In fact, Henderson considers himself to have put the “12th man on steroids” in the NFL.

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Some purists claim that one of the main reasons the “Krazy George” phenomenon worked was that Henderson called domed stadiums home. While he doesn’t want to diminish the fact that domes helped to some degree, the impetus to his success lies within the hearts of football fans.

“If you don’t have the crowd noise to start with, the domes don’t do anything. Even in an outdoor stadium, I can get crowd noise going to a point where it really can affect the call and signals of the quarterback. But when you get the enhancement of the domes, it really does help,” he said. “You first have to have the noise. It really becomes contagious and the fans have come to realize what they mean. They really are a part of the game, especially in football.”

The four seasons Henderson spent in Minnesota came during one of the high points of his career. At his busiest, he was working at 70 games a year, many of which were on Friday and Sunday. Back-to-back games on Saturday and Sunday were the worst. With all the yelling, the running up and down stadium steps and aisles, two games per week was about all he could do as he averaged about five lost pounds per event.

“I think most fans believed that I was working harder than most players. When they saw me, I had completely sweated through my jersey. I would run up and down every aisle in the sections and cover each tier in the stadium. I was right in front of them and they could see me sweat and that was the secret. I was among the fans; I was part of them. That’s the big weakness of most cheerleading squads. They are way down on the field and nobody can see them and nobody knows them,” Henderson said.

Many NFL teams also utilize mascots to engage with fans, but not to the extent that Henderson did.

“There are a lot of mascots for teams that interact with the crowd but they don’t get the cheering going that can affect the game,” he cited.

In his book, “Still Krazy After All These Cheers,” which he started about a dozen years ago, Henderson highlights not only his time with the Vikings and the NFL, he also outlines the creation of his other claim to fame, “The Wave.”

While it started by accident in 1980 during a home game for the NHL Edmonton Oilers, it was first used as a cheerleading routine on October 15, 1981, in Oakland during Major League Baseball’s American League Championship between the A’s and the New York Yankees. It took Henderson three attempts before successfully pulling off the feat.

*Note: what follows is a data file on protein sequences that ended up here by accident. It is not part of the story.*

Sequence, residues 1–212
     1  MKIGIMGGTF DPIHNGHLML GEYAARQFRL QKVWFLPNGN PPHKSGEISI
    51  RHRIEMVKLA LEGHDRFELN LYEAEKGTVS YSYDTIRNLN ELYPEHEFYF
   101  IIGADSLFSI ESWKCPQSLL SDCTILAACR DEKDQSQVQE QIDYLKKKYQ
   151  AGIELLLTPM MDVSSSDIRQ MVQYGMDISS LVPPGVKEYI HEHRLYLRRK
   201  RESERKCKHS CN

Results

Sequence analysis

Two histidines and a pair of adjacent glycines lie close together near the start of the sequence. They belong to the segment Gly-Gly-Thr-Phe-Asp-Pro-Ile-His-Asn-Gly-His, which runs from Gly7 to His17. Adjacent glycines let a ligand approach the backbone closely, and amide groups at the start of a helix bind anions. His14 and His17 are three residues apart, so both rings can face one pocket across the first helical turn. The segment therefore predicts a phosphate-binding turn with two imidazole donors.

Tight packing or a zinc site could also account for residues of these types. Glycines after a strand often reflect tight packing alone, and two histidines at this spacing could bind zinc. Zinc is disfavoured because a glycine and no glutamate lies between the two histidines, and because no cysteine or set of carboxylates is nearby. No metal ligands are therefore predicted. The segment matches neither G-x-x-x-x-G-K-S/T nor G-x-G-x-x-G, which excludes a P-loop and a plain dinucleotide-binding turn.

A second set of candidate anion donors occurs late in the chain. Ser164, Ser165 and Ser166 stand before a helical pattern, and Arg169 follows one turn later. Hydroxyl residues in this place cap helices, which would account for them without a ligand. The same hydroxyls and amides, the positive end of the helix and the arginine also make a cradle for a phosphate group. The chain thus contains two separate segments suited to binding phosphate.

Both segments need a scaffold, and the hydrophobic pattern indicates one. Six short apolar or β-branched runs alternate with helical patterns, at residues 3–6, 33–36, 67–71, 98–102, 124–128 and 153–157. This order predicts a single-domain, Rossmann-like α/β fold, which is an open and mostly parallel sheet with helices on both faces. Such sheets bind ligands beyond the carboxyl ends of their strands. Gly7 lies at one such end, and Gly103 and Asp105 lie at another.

The fact that Henderson can precisely mark the date and the location of the first “Wave” is more important than you might realize, given the fact that people associated with the University of Washington at one time claimed its invention. Reports by The New York Times Magazine and ESPN.com helped Henderson rightfully own his role in sports history.

Still part of an in-game experience for many fans attending various collegiate and professional sporting events, the concept of sections of fans standing up and raising their hands over their heads in a continuous rolling motion around an athletic venue became known around the world as “The Mexican Wave” after it was witnessed in a 1986 World Cup match in Mexico.

“It brings the fans into the game,” Henderson stated. “They can connect to each other. It is a visual confirmation of their support for a team. That’s what made me so successful from the start over the years too.”

“The Wave,” the yelling, and the pounding of those drums over the years made Henderson a sports phenomenon (and no, he doesn’t have his original drum), but it was professional football where “Krazy George” found his greatest impact, and his four years in Minnesota were among his fondest.

“The Minnesota fans were so great,” Henderson said. “After I did that Monday night game with Dallas and the playoff game with Atlanta and Minnesota won both of them, the fans went crazy over me. Then Mike Lynn wanted me back and we finally negotiated a contract and I came back. The fans treated me like I was a rock star. Everybody knew me everywhere I went in Minnesota. I would go out on a road trip 20 or 30 miles away to a little tavern in the middle of nowhere and people would yell out, ‘It’s Krazy George!’”

The Vikings were even able to make a promotion out of his official “welcome” to the team.

“My contract was supposed to be signed at a golf tournament they had every year. When I showed up for my theoretical signing that Mike Lynn was promoting because I think we had already signed it, the fans were great to me,” Henderson said of the event that even included his ceremonial drive off the first tee.

Times change, however, and while “Krazy George” will still make an appearance every now and then in the San Jose area, he doubts he’d have the impact on an NFL game as he once did.

“If I had to go to a stadium today with as much noise and enthusiasm as you have, I probably wouldn’t stand out,” he said. “There is so much background noise nowadays, one person going in with a drum unknown and be expected to change the face of the game, it can’t be done anymore. In every stadium for every sport, it’s that much louder than it used to be. It all started with the Houston and Minnesota atmospheres, which became so much better than the other teams.”

Henderson has also seen an evolution in pro football fans.

“That attitude has changed. People go in now and they want to help the team win. They are loyal to the players and they want to see them succeed. They think if we yell loud enough, the opposing quarterback won’t be able to be heard, they will get an offsides or an illegal motion call. They think they are affecting the game and that’s grown over the years, but the seed started back in the early 1980s. If it was like it is now, I never would have become a cheerleader. I couldn’t have been heard in most stadiums.”

Thankfully for “Krazy” George Henderson and sports fans around the world, he was the right man to ride his wave in the right space at the right time.

Still Krazy After All These Cheers” is available at Amazon.com, Kindle, and Henderson’s website krazygeorge.com. His Facebook page is “Krazy George Professional Cheerleader.”